ByAlan Bradley, writer at Creators.co
Alan Bradley is a freelance games journalist, vagabond, and collector of oddities. Find him @chapelzero on Twitter.
Alan Bradley

It’s an interesting time for the toys-to-life genre. While , from all accounts, continues to thrive and expand (recently announcing a mobile RPG to accompany their console offerings) and remains a tentpole of Activision’s yearly release schedule, Disney’s series was abruptly shuttered last year amidst flagging sales.

Adding a physical component to your digital game is an ambitious and expensive prospect, and thus one generally tackled only by the sort of huge companies (Disney, Activision, Nintendo with their Amiibo initiative) that can afford a big upfront investment and eat any potential losses without bankrupting themselves. Which is one of the things that makes Lightseekers such a fascinating prospect.

The product of a successful $227,000 Kickstarter, Lightseekers in some ways exceeds the ambitions of any of the previous toy to life enterprises despite being built without the resources of a major publisher. The creators at are combining a traditional digital game experience with not just smart figurines but also cards, comics, posters, and other media. It’s an approach that echoes the transmedia launches that were trending heavily five or ten years ago, but that’s unique in the way it makes every spoke of its campaign interact with the core game experience.

Instead of, say, a tie-in novel or comic mini-series that dives into the lore or explore some background characters or elements that don’t feature heavily in the game itself, Lightseekers additional media promise to all directly contribute to the in-game experience. Take, for instance the Lightseekers trading card game, which is a fully playable, standalone physical game. But scan the cards in your collection in the core digital game, and you’ll unlock new features like spells, pets, or items for your hero to equip.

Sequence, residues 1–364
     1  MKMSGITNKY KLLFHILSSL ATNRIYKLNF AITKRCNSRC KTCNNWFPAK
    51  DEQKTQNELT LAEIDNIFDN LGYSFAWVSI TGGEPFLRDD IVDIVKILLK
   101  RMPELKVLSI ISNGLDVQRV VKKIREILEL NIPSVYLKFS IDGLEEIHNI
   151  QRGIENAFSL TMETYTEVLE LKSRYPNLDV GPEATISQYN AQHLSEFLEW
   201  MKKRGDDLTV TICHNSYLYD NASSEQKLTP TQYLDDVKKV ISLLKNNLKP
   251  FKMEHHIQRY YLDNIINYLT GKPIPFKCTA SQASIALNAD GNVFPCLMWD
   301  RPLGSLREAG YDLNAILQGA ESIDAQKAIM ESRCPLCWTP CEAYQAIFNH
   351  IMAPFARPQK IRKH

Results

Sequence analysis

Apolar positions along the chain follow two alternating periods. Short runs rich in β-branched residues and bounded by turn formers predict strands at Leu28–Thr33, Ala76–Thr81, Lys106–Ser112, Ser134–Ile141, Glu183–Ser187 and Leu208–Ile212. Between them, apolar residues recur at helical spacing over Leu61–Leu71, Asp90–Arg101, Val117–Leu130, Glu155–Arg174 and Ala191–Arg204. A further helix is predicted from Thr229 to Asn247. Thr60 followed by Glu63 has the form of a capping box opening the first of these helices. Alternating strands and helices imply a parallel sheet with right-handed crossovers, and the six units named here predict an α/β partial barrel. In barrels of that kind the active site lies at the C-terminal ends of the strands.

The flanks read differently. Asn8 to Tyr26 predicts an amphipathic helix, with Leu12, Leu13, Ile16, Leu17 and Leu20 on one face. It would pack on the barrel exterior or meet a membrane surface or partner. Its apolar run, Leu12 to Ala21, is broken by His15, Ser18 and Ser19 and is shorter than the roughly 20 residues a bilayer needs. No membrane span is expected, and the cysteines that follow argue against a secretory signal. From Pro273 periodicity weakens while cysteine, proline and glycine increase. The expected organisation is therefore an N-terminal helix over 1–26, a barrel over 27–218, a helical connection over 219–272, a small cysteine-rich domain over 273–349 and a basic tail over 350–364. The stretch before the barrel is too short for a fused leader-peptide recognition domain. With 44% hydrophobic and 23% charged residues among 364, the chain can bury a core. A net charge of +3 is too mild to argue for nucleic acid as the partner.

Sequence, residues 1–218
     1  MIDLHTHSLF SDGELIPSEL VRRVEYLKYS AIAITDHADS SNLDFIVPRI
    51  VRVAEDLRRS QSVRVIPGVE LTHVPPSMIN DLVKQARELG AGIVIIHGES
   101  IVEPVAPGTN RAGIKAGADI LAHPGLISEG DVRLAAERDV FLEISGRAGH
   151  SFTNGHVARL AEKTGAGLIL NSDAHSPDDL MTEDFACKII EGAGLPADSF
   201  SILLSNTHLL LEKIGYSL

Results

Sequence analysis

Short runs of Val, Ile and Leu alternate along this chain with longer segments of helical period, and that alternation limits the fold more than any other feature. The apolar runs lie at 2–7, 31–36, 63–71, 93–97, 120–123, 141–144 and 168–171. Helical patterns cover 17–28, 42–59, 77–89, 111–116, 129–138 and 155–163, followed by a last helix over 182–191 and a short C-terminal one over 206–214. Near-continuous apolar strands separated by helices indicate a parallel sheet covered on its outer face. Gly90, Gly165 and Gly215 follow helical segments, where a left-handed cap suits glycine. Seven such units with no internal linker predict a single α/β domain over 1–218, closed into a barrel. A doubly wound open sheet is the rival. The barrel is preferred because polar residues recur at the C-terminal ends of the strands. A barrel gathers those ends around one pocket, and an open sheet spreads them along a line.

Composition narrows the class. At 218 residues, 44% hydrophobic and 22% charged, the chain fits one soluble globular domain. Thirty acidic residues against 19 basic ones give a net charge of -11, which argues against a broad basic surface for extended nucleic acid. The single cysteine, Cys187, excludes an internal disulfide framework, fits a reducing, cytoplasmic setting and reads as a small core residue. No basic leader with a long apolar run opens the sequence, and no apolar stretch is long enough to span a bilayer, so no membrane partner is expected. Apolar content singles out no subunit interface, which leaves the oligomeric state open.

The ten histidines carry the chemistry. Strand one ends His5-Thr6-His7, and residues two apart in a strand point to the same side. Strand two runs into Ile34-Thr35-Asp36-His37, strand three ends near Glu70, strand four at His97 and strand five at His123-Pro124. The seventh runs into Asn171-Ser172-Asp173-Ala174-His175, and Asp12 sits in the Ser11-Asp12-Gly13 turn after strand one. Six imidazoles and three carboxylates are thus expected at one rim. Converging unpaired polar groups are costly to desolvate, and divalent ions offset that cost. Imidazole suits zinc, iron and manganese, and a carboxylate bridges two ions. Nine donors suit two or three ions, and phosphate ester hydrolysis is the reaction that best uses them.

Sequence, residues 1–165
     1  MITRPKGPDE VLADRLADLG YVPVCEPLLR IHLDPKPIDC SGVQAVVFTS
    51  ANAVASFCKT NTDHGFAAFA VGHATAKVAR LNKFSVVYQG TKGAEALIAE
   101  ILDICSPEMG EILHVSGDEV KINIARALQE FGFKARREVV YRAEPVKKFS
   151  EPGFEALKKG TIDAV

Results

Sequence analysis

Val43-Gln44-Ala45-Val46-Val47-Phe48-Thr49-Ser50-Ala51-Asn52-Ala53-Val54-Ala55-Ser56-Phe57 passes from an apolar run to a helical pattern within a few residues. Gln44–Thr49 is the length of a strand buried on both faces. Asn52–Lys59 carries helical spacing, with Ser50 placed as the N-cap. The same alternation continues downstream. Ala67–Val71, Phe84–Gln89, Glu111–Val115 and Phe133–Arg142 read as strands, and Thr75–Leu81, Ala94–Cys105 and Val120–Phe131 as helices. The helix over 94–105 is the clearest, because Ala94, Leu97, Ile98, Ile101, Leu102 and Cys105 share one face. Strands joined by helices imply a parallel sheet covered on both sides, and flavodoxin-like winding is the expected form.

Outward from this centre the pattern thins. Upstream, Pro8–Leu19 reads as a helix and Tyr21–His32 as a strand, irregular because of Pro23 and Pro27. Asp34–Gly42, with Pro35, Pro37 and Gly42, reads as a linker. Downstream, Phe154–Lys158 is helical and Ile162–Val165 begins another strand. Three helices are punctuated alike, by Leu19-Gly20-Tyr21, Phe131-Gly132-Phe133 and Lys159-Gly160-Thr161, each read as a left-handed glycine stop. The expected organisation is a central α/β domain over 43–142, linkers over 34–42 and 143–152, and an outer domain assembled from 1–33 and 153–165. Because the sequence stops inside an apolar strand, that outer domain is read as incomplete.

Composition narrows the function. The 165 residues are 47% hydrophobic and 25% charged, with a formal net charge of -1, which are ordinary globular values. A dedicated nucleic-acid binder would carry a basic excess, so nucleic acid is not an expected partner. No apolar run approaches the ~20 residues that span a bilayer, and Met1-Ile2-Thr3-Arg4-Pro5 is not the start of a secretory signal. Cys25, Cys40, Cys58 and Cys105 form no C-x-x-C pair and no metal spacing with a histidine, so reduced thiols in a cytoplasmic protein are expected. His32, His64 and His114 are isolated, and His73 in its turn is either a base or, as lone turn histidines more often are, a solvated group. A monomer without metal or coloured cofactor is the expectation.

At the heart of the modular Lightseekers experience is a piece of proprietary technology the PlayFusion team calls the FusionCore. It’s a tiny computer that slots into the back of your Lightseekers models and allows them to communicate with each other and with the game without the use of an NFC platform. This means that the figures themselves don’t individually need to contain the expensive electronics that make collecting figures in other toys to life games so expensive, allowing Lightseekers to keep the costs of their models lower and players to collect a broader range of models without breaking the bank. The FusionCore can also be wirelessly updated, allowing the designers to patch in new functionality as they develop it. It’s a fascinating alternative to the clunky base-and-model system of other toys to life games, and means, in theory, both greater flexibility for the creators and lower costs for the players.

The FusionCore also comes equipped with a contact point to match the two on each figure’s hands, allowing new weapons and items to be attached and then instantly appear in the game. Weapons and equipment can be swapped on the fly, and the idea that the gear you carry in the game will also be physically represented on the figures is an interesting and novel one, a concept that will feel instantly familiar to tabletop miniature players of games like Warhammer and Warmachine. It’s a step towards making the action figures themselves more interesting to equip and display, an important detail if you want your figurines to feel more like functional toys than static collectibles.

The Lightseekers system also puts a priority on social and multiplayer interactions, not just in the game, but in the real world as well. Crossing paths with another player will trigger interactions between your characters, and PlayFusion promises an exchange of items and stories, and assistance in idle activities like harvesting and leveling. It’s a promising ecosystem with a ton of potential, and I can’t wait to see how PlayFusion develops and evolves it in the months to come.

Trending

Latest from our Creators